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2011 Global Customer Experience Management Survey

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What is Your Competition Doing? Are You an Industry Customer Experience Leader? Join Beyond Philosophy to See the Results of the 2011 Global Customer Experience Management Survey …

What is Your Competition Doing? Are You an Industry Customer Experience Leader? Join Beyond Philosophy to See the Results of the 2011 Global Customer Experience Management Survey
• Current insights on customer experience from experts and CxOs from across the globe
• Analysis of 8,000 customer experience leaders

Program
Join Steven Walden, Beyond Philosophy's Senior Head of Research, and Colin Shaw, Founder and CEO, as they reveal the results of the 2011 Global Customer Experience Management Survey. The research will pull back the curtain on where the industry stands today, answering questions such as:
• Which industries and regions spend the most on customer experience?
• What are the drivers and challenges the customer experience industry faces as it further develops?
• What companies have seen the biggest customer experience growth, by industry?
• Where is customer experience management most needed? What industry? What country? What companies?

In addition, they discuss topics such as:
• What industries will see the greatest growth in customer experience over the next several years?
• What will be the next great customer experience advancement?
• What is the valuable element of a company's customer experience program? How does it differ by industry or region?
• How will social media affect the way companies approach customer experience?

Learning Objectives
• Learn about the Beyond Philosophy 7-stage Customer Experience Maturity model.
• Discover which industries and countries are concentrating on enhancing the customer experience.
• Learn how to overcome common problems that get in the way of successful customer experiences.
• Explore the pace of growth and the state of customer experience development, broken down by geographic regions.

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  • 1. Global Customer ExperienceManagement Survey 2011Beyond PhilosophySteven Walden, Senior Head of ResearchColin Shaw, Founder & CEO www.beyondphilosophy.com
  • 2. Webinar Interface Review 1. Viewer Window 2. Control Panel GoToWebinar Example InterfaceBeyond Philosophy © All rights reserved. 2001-2011 www.beyondphilosophy.com 2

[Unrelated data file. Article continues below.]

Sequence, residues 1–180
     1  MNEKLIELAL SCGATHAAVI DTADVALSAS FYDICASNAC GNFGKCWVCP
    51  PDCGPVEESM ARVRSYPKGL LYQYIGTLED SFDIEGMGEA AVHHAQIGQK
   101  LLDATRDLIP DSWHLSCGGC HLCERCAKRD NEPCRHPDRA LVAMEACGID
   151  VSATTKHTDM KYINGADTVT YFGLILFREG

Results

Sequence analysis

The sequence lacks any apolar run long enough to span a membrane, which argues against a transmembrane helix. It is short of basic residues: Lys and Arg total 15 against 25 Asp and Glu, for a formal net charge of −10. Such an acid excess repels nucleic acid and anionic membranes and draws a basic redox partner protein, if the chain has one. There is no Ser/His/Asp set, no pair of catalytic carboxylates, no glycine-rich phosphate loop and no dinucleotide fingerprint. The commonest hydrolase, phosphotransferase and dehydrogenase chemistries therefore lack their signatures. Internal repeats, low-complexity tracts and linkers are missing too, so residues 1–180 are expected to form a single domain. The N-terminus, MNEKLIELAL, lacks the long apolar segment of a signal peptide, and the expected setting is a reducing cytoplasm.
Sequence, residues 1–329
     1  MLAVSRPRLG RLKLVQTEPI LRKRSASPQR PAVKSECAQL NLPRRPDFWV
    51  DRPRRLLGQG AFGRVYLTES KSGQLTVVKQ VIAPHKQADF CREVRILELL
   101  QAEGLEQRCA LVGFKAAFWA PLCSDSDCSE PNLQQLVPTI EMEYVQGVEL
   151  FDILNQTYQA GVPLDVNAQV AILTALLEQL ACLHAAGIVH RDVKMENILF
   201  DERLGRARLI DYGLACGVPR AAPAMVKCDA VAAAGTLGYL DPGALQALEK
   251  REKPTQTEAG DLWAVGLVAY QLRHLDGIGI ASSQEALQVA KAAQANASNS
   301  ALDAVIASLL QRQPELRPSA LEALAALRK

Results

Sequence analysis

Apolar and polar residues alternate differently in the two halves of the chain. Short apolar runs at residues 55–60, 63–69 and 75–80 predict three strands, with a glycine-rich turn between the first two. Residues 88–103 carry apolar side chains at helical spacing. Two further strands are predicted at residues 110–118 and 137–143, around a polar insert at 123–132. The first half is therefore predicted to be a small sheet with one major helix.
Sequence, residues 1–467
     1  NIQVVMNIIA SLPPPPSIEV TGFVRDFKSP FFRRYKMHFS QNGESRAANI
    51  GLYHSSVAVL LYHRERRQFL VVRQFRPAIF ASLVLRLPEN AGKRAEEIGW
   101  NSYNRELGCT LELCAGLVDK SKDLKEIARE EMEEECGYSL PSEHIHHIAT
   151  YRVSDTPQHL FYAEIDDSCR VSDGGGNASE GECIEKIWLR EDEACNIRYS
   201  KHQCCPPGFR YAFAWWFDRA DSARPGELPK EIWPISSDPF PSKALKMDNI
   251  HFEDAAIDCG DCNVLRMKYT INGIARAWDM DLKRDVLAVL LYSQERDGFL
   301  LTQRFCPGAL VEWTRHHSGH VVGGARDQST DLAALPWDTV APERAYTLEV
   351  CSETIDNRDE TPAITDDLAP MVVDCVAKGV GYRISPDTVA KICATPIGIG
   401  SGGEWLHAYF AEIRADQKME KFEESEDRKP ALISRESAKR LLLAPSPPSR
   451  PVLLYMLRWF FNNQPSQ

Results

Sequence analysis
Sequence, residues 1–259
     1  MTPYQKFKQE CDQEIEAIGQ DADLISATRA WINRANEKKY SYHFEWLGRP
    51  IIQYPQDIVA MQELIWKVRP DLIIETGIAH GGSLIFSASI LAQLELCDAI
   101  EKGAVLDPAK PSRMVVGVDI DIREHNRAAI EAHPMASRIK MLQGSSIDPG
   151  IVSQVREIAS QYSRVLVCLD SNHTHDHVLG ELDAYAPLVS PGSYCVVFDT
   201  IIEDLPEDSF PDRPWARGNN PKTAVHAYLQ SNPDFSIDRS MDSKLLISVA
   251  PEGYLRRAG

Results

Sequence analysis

• 3. The Beyond Philosophy Perspective Customer Experience Thought leadership is New fourth book is all we do! our differentiator Is now available Offices in London, Atlanta with partners in Links with academia Focus on the emotional side Europe & Asia of Customer ExperienceBeyond Philosophy © All rights reserved. 2001-2011 www.beyondphilosophy.com 3
  • 4. We are Proud to Have Helped Some Great OrganizationsBeyond Philosophy © All rights reserved. 2001-2011 www.beyondphilosophy.com 4
  • 5. Themes Methodology 1 How can we model the state of the market in Customer 2 Experience globally? How are global resources allocated to Customer 3 Experience? The risks, challenges and drivers to Customer 4 Experience programmes Best Practice: what you need to do! 5Beyond Philosophy © All rights reserved. 2001-2011 www.beyondphilosophy.com 5
  • 6. Questions 1. Learn about our 7-stage Customer Experience Maturity model. Also, gain insight into how customer experience is How can we model the understood or misunderstood, and learn about the state of growth in implications and risks as it continues to evolve. Customer Experience Globally? 2. Where is customer experience management most needed? What industry? What country? What companies? 3. Which industries spend the most on customer experience? 4. Which regions spend the most on customer experience? How are global resources 5. What companies have seen the biggest customer allocated to Customer experience growth, by industry? Experience? 6. What industries will see the greatest growth in customer experience over the next several years? 7. What are the drivers and challenges the customer experience industry faces as it further develops? 8. What is the valuable element of a company’s customer The risks, challenges and experience program? How does it differ by industry or drivers to Customer region? Experience programmes 9. How will social media affect the way companies approach customer experience? 10. What will be the next great customer experience Best Practice: what you advancement?: Best Practice and Innovations need to do!Beyond Philosophy © All rights reserved. 2001-2011 www.beyondphilosophy.com 6